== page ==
- overlooked epidemic, Part II
3/19/2001 Find out why no vaccine has yet
addressed this silent
epidemic--one thats far more likely to be
occupational needlestick injury than HIV. For Part
I, click here.
By Lisa Black, RN, BSN
Often called the silent epidemic, Hepatitis C
is transmitted primarily by blood-to-blood
contact with an infected source. The World
Health Organization estimates that more than
170 million people worldwide are infected,
including 4 million people in the United
States, although many of the infected remain
While the majority of new Hepatitis C virus
(HCV) transmissions are a result of illicit drug
infected healthcare workers represent an
ever-growing subset of the
HCV infected population. Given that an
healthcare worker runs a 2% to 10% risk of
seroconversion after a
single HCV exposure, HCV is greater than 100 times
more likely to
be transmitted by an occupational needlestick
injury than HIV.
Hepatitis C has earned its alias as the silent
epidemic because, in a
great number of people, the disease remains
silent for years or
decades, and only becomes evident when the virus
irreparable liver damage. In fact, only 10% of
patients infected with
HCV report an acute hepatic illness when they
acquire the infection.
Notwithstanding the initially asymptomatic nature
of the majority of
infections, over 85% of those infected will become
chronic carriers of
the virus and many of those will eventually
develop liver disease, often
necessitating liver transplantation or leading to
The Hepatitis C virus has, thus far, proved
elusive to researchers, and
unlike hepatitis A and B, there is no vaccine to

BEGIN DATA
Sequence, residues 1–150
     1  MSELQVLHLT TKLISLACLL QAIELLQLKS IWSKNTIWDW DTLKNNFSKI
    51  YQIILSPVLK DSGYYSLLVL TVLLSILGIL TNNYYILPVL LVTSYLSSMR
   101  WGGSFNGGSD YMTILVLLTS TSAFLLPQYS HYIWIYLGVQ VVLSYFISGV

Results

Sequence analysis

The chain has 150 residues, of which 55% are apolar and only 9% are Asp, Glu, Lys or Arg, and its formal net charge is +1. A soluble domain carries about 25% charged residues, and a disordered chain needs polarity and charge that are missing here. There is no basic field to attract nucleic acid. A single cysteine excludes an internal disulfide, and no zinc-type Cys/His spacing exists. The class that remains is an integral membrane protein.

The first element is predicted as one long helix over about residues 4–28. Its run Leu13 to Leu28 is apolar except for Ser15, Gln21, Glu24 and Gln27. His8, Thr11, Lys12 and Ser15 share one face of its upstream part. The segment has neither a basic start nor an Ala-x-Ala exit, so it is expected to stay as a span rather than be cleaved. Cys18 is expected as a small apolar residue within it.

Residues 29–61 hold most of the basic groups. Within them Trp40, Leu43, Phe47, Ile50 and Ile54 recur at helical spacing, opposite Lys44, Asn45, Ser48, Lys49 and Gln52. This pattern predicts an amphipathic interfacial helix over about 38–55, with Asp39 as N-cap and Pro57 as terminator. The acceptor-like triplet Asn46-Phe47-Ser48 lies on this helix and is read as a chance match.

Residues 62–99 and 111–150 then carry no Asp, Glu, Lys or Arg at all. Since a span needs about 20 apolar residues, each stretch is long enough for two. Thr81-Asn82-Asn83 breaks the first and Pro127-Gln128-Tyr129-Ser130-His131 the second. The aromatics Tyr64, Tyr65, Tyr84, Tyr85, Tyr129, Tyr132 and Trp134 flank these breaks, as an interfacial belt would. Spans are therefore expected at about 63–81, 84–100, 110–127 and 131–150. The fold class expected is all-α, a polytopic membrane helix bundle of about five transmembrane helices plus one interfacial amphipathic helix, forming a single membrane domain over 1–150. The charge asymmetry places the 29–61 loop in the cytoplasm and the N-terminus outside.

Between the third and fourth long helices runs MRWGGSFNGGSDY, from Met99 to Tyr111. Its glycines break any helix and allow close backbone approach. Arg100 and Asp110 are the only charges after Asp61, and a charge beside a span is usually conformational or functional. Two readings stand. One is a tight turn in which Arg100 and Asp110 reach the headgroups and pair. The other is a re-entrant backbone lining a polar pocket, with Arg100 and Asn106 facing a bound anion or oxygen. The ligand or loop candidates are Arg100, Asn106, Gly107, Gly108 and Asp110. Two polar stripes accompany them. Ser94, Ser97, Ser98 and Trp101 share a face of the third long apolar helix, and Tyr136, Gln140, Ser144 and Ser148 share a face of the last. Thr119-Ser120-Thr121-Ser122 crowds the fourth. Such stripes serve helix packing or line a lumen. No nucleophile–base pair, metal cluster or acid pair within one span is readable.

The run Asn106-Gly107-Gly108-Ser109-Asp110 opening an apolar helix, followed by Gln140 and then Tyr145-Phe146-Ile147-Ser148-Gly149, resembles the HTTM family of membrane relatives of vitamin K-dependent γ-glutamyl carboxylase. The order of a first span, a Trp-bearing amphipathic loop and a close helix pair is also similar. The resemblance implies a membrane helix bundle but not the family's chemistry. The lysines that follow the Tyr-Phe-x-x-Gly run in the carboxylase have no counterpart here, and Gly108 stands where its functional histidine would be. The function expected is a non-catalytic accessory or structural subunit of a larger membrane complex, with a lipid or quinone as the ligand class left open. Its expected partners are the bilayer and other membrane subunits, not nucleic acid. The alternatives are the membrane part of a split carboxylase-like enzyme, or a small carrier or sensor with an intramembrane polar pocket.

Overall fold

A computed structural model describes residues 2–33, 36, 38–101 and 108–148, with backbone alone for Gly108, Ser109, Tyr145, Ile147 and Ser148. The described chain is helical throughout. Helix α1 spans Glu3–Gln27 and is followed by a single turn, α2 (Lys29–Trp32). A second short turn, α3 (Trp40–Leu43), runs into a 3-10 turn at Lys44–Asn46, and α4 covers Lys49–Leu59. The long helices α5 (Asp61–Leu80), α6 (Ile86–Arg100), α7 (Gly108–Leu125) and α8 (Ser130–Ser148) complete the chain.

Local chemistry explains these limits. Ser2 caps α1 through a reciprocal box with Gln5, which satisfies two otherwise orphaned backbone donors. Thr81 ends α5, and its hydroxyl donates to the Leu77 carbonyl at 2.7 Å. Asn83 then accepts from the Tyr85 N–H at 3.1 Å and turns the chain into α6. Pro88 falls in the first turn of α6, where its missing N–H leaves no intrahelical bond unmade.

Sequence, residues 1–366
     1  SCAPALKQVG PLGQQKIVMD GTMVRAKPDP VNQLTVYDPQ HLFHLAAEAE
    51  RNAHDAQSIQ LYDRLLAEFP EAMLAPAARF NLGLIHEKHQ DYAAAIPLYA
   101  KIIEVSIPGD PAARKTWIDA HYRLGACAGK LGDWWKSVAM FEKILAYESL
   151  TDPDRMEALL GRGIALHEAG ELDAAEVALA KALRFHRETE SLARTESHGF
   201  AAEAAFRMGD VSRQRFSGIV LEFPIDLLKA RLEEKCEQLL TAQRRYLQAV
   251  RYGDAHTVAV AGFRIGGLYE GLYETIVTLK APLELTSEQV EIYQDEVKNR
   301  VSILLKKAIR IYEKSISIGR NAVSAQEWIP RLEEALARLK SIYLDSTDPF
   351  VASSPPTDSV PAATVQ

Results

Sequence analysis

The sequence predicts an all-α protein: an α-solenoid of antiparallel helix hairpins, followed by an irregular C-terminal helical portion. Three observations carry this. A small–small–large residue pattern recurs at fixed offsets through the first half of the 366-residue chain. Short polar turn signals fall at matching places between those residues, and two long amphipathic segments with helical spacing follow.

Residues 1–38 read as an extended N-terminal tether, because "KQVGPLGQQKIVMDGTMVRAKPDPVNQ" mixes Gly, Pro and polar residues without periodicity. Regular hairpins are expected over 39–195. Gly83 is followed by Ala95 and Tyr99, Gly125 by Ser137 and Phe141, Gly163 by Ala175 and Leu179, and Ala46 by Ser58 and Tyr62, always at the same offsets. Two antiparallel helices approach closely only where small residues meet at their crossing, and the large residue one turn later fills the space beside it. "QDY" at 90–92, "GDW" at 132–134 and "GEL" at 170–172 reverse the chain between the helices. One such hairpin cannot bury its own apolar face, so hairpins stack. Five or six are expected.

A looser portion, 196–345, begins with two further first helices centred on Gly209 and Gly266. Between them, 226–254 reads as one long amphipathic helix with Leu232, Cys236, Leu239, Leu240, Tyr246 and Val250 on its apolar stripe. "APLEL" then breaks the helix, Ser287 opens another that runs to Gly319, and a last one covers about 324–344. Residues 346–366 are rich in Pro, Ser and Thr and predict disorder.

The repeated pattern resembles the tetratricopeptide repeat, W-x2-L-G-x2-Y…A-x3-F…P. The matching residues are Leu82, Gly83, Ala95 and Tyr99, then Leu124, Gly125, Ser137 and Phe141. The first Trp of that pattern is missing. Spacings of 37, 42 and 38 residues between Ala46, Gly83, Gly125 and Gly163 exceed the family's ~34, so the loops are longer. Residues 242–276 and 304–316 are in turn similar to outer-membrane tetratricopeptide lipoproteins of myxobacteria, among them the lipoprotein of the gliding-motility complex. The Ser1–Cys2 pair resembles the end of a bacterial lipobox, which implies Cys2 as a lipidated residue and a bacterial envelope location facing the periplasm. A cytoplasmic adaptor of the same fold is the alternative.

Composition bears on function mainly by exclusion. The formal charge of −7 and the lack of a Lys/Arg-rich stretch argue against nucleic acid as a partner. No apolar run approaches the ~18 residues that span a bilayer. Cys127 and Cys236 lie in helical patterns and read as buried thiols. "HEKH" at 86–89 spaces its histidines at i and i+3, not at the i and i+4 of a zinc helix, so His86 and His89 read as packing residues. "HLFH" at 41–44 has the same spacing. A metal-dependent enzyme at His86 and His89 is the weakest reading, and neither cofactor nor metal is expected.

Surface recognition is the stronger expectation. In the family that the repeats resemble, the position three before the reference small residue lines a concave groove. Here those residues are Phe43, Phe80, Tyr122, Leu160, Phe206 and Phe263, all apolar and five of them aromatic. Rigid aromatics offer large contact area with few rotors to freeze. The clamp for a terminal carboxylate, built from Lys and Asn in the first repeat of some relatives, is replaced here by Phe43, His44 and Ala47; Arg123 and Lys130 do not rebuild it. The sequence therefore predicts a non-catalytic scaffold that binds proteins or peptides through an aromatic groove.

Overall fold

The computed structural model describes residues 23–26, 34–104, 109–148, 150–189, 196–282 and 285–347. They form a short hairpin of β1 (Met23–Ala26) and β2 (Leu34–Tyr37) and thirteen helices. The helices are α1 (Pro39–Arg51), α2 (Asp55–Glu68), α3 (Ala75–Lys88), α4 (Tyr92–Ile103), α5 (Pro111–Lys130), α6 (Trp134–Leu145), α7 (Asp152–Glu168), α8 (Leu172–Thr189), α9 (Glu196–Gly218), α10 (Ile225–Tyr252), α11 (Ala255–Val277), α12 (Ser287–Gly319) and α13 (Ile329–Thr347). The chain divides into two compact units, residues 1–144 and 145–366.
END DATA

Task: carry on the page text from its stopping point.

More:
prevent hepatitis C
infection. The explanation for this failure lies
within the structure of the
Hepatitis C virus.
The hepatitis C virus is an RNA virus that
replicates via a virally
encoded RNA polymerase. The replication cycle of
generates large numbers of mutant viruses
differing from the parent
strain by possibly only a few nucleotides. Each
however, changes the viruss structure, which
renders any previously
developed vaccine ineffective. The mutation rate
with hepatitis C is
such that various quasi-species may exist
any given carrier, further complicating efforts to
treat the disease.
Although every hepatitis C virus is unique and
careful comparison of viral sequences has allowed
HCV to be grouped
into closely related groups known as genotypes.
genotype, the virus is similar to the groups
other members but differs
greatly from those in other genotype groups.
The various HCV genotypes tend to be endemic to
geographic locations. In the United States,
genotypes 1, 2 and 3
predominate, with genotype 1 being the most
unfortunately, the most difficult to treat.
While differing HCV genotypes dont appear to have
a direct effect on
the natural history of the disease, there is a
significant difference in
response to treatment among genotype groups.
studies are boasting an 88% rate of cure in
patients infected with
genotypes 2 and 3 (as expressed by a sustained
virus clearance six
months after treatment). But the same treatment
yields only a 48%
efficacy in those carrying genotype 1 HCV
In the next article in this series, Ill review
the history and evolution of
HCV treatment, and discuss some of the promising
options on the horizon.
Send questions or comments to Lisa at
also visit her website dedicated to needlestick
Click here for more Sharps Safety.
The Gastroenterology Treatment Reporter,
Outcomes: Customizing Treatment for Patients with
January 23, 2001.